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Cauvery fish faces extinction threat due to pollution and sand mining

India's 'Humpback Mahseer' commonly known as the Cauvery fish is on the brink of extinction, says a recent study. The study conducted by Indian and British biologists has asserted that the 'Humpback Mahseer', a freshwater fish found only in India's Cauvery Basin is on the verge of extinction.

The study shows a severe drop in the population of the orange-finned fish because of pollution, sand mining and hydel power projects.

The study was published in the journal Endangered Species Research. According to the study, the fish is now so threatened that it may vanish within a generation.

To conduct the study, Rajeev Raghavan, a biologist specialising in freshwater fish at the Conservation Research Group at St Albert's College in Kerala and his associates from the Bournemouth University in the UK, used records maintained by three angling camps on the Cauvery as proxy indicators of the population of the Humpback Mahseer.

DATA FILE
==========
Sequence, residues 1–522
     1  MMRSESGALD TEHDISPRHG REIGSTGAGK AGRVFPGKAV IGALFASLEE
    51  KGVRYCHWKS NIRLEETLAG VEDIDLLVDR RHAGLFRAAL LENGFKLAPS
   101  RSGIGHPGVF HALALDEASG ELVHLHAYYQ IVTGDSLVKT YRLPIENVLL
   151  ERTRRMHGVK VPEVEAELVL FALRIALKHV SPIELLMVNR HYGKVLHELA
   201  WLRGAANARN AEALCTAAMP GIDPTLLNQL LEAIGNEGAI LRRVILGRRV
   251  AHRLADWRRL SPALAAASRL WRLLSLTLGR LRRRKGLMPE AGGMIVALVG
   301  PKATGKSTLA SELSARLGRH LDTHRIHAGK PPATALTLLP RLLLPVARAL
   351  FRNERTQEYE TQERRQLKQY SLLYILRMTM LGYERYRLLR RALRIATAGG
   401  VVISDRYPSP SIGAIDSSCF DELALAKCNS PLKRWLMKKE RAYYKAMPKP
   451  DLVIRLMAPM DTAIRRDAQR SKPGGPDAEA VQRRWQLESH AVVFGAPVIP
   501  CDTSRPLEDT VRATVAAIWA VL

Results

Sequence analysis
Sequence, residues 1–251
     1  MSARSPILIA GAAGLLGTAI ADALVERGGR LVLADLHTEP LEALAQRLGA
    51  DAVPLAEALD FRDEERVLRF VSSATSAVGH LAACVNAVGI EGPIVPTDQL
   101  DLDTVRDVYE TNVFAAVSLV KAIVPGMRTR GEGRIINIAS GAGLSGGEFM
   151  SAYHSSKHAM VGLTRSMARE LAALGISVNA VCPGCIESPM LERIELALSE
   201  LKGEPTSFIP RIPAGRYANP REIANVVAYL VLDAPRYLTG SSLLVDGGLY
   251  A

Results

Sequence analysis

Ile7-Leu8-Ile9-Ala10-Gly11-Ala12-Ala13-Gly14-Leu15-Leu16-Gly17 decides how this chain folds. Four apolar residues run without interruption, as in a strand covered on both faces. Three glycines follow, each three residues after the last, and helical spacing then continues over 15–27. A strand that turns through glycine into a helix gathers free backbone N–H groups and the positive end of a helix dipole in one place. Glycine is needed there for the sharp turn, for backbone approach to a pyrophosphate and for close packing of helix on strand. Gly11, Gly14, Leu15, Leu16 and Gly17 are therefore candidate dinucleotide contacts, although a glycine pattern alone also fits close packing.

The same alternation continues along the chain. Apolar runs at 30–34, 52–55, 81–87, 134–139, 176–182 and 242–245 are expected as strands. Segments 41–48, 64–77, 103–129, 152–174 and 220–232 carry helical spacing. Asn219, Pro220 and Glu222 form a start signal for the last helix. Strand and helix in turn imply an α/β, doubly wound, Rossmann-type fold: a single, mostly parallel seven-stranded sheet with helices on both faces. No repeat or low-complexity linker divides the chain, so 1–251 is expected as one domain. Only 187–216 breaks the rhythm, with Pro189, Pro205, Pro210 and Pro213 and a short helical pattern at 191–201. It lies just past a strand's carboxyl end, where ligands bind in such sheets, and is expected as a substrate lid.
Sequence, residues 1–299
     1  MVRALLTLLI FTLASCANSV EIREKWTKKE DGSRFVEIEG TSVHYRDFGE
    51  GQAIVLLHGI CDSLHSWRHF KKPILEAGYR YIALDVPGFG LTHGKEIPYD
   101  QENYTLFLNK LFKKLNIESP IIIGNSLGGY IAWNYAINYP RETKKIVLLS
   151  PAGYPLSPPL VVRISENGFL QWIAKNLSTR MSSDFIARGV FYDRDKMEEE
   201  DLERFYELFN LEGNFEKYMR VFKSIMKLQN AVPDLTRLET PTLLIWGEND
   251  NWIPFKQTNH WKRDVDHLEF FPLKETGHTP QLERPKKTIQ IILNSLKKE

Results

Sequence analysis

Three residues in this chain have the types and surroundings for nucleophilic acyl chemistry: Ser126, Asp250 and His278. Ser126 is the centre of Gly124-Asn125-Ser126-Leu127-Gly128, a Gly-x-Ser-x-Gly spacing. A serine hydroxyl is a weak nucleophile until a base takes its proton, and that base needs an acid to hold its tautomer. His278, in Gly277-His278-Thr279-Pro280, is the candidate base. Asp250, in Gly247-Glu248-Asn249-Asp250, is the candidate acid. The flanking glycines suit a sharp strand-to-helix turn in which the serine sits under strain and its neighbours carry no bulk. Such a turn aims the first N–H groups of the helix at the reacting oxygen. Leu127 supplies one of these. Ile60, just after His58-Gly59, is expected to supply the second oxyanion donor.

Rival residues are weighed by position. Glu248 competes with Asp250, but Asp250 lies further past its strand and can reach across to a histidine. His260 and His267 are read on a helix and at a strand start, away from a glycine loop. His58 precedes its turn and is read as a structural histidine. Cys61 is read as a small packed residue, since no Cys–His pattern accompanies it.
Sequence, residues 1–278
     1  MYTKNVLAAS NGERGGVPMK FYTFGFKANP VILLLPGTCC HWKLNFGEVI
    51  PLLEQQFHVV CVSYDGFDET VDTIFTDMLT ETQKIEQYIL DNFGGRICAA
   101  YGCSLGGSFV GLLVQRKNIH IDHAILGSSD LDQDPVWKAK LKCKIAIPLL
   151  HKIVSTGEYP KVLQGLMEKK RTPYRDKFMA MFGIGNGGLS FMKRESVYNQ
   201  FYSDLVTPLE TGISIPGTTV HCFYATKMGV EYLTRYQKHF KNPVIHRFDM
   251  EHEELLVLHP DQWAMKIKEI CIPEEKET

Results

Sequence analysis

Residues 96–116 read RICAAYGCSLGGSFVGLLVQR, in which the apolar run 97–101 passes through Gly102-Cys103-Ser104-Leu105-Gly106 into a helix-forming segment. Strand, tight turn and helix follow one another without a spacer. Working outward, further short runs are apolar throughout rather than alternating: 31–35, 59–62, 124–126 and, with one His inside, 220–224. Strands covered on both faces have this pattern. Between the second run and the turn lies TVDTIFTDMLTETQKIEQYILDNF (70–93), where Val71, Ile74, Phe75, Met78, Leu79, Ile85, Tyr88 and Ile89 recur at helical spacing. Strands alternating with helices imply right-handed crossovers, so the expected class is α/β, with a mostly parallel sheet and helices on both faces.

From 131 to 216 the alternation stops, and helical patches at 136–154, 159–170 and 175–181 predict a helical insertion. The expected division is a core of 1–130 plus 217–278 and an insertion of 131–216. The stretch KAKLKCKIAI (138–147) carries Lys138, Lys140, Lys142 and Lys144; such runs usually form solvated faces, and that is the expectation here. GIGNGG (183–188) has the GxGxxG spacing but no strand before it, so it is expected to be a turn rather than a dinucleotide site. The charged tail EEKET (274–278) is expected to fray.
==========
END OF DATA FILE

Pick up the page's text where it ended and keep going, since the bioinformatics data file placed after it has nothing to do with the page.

The scientists have been examining the ecology, taxonomy and conservation status of 17 species of Mahseer found in rivers throughout south and Southeast Asia since 2010.

The research proposes that by introducing non-native blue-finned Mahseer from Maharashtra during the 1980s, endemic Mahseer remaining in the River Cauvery and its tributaries have suffered a disastrous effect. The blue-finned Mahseer has now become one of the most abundant fish in the river.

The orange-finned mahseer is found only in the Cauvery River, however other mahseer species are found in rivers across the country.